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+ Operator in String

 
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Why does + operator in string does not create a new String?
 
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Where have you heard that it does not? Or are you asking why *does* it create a new string?

Henry
 
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When you do

String str = "abc";
str = str + "be";

then the JVM creates string "abc" and then when you do the second operation, it creates a second string "abcbe" and assigns to the reference str.

If now you do String x = "abcbe"
then x refers to the same object that str refers above ( after the 2nd assignment).

But if you do String x = new String("abcbe");
then x refers to another object altogether.
 
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Well it does create a new String. Strings in Java are immutable. When you perform a Concatenation Operation, the resultant object is thus a new object.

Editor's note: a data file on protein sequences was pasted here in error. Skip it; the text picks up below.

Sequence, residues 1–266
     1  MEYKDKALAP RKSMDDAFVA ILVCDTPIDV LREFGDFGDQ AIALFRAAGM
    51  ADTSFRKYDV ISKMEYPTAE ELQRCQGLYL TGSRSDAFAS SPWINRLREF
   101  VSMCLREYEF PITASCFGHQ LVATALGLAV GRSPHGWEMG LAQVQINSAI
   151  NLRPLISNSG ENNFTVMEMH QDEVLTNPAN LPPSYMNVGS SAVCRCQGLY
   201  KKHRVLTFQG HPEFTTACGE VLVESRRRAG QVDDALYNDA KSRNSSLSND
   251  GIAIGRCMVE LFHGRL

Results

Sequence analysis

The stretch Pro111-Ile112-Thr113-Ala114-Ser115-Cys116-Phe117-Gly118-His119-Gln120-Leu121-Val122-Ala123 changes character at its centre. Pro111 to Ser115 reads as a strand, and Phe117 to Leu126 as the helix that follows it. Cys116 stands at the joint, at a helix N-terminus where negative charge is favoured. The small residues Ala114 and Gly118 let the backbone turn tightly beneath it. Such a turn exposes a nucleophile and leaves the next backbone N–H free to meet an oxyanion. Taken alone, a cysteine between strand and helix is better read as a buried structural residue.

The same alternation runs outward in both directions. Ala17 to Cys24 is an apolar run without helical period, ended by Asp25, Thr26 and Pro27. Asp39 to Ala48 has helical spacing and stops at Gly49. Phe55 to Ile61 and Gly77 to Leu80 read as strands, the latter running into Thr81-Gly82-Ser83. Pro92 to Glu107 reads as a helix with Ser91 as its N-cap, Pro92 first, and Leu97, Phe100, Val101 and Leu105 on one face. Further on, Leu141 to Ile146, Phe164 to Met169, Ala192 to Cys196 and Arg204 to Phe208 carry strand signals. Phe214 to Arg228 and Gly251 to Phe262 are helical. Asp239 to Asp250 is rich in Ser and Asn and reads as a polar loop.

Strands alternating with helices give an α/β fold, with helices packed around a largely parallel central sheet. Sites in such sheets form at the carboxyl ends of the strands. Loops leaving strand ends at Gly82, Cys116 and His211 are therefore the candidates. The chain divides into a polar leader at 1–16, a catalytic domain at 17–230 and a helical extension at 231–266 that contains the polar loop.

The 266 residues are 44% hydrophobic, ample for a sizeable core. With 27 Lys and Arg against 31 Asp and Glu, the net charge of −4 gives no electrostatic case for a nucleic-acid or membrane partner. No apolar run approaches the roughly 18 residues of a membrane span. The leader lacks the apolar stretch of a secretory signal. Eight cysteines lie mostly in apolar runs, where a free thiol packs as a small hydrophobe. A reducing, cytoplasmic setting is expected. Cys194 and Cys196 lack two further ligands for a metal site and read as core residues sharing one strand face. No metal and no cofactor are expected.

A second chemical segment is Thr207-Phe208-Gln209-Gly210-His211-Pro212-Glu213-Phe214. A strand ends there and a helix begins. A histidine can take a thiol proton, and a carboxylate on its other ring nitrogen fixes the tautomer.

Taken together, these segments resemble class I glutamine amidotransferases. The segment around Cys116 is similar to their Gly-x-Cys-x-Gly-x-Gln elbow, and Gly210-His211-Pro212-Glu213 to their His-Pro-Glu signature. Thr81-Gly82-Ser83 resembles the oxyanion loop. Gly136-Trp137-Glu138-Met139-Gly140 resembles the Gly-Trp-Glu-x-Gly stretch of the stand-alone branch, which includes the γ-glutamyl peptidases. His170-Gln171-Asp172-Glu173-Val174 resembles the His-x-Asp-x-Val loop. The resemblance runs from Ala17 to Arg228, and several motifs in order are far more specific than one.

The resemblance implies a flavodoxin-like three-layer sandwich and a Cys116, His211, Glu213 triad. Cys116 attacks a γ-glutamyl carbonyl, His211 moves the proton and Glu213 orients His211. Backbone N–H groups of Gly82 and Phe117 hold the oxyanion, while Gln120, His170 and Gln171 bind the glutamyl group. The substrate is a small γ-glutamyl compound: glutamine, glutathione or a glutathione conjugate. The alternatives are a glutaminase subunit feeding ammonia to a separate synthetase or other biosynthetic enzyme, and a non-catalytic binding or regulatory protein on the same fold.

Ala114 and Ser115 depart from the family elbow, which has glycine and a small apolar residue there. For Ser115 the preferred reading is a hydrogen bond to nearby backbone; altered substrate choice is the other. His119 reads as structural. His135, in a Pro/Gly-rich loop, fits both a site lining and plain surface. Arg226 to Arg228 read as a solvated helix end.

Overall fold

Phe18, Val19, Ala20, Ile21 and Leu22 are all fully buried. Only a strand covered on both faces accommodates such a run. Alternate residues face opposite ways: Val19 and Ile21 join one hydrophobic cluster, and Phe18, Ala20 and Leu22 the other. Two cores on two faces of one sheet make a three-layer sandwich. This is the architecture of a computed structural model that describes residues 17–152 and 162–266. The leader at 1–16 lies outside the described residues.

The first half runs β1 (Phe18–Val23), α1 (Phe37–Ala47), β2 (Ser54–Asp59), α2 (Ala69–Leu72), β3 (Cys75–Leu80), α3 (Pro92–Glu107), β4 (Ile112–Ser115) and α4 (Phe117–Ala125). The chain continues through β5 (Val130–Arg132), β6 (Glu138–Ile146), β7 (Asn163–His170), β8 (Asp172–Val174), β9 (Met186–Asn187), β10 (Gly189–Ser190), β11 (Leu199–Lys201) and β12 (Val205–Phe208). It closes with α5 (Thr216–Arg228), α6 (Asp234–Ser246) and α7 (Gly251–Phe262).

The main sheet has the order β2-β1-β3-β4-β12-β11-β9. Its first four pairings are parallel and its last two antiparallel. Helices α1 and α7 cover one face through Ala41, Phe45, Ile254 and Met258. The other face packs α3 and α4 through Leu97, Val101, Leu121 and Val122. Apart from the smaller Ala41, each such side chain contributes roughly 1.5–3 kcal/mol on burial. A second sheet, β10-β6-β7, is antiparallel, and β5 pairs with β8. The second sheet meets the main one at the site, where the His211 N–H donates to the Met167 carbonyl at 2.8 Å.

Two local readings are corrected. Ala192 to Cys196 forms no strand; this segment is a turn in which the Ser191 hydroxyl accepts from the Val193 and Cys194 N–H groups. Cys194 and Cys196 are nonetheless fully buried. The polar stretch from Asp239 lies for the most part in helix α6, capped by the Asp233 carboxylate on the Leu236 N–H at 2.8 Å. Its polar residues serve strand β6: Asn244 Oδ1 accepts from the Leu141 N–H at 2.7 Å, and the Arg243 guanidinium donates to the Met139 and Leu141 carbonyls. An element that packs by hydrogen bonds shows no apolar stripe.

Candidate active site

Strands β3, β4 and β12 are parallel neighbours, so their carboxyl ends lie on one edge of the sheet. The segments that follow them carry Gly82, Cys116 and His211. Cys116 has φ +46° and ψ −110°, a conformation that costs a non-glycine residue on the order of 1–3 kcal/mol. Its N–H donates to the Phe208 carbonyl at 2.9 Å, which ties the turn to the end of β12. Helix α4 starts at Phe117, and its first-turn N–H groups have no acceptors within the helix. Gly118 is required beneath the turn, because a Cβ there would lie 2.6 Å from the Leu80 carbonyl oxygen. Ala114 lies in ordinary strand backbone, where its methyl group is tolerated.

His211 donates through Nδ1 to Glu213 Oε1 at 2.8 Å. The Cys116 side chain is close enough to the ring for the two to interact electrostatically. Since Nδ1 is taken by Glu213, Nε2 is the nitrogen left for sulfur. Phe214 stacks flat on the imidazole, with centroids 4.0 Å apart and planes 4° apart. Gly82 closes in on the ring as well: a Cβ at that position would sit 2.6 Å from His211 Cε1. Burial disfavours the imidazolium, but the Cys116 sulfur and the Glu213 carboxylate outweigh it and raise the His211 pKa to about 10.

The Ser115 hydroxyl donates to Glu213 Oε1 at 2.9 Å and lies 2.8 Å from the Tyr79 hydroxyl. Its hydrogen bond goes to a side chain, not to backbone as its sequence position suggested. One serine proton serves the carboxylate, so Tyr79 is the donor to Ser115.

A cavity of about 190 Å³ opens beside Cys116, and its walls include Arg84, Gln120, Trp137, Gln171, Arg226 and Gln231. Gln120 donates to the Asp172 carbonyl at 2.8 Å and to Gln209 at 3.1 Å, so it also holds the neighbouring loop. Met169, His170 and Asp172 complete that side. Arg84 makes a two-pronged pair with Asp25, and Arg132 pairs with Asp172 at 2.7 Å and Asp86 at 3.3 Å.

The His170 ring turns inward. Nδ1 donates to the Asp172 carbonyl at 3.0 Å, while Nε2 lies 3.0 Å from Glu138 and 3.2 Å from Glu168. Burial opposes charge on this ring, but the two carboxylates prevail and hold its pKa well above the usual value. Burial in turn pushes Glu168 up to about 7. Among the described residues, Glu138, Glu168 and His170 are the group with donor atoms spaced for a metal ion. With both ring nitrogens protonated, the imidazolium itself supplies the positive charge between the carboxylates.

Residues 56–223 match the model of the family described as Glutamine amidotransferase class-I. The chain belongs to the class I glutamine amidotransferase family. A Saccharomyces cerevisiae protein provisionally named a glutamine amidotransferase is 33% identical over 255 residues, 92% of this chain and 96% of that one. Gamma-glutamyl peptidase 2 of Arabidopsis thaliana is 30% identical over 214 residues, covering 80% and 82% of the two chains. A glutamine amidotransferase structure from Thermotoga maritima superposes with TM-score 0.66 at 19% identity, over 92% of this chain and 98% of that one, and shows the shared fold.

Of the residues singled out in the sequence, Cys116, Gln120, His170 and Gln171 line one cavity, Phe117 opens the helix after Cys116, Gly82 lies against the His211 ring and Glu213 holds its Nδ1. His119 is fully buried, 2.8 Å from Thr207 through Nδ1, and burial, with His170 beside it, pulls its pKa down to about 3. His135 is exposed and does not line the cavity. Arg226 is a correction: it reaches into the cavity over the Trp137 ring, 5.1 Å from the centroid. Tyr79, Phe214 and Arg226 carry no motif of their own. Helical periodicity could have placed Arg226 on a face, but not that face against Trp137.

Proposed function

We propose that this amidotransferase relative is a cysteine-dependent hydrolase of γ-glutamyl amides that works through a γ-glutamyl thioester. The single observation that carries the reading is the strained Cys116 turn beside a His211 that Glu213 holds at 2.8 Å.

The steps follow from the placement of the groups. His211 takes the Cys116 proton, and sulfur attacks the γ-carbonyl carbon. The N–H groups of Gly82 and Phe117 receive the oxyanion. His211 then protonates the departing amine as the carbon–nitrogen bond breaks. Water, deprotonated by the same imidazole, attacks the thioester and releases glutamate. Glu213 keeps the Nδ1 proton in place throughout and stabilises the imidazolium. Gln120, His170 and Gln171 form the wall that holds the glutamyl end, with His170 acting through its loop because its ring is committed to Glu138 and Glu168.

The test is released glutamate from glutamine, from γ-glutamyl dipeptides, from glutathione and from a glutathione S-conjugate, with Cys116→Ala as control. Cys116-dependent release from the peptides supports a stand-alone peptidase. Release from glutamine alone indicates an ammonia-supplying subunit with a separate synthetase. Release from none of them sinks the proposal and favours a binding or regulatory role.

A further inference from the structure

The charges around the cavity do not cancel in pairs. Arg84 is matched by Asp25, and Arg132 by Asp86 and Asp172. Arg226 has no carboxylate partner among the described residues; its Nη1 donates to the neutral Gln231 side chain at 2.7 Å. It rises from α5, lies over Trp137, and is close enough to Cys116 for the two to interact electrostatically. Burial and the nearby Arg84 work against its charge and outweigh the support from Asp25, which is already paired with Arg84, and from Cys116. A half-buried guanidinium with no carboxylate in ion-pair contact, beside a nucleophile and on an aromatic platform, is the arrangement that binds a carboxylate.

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Well it does create a new String.


There is a small exception from this rule, as far as I know. The String class holds a pool of String references and it could be that you get a reference to an already created String. You can manipulate the defaut behaviour by using the String.intern() method. Therefore it is possible that Strings which pass the equals() test do also pass the '==' test. However, this is nothing to rely on and in general you can say that you'll get a new String object in most cases.

Regards,
Thomas
 
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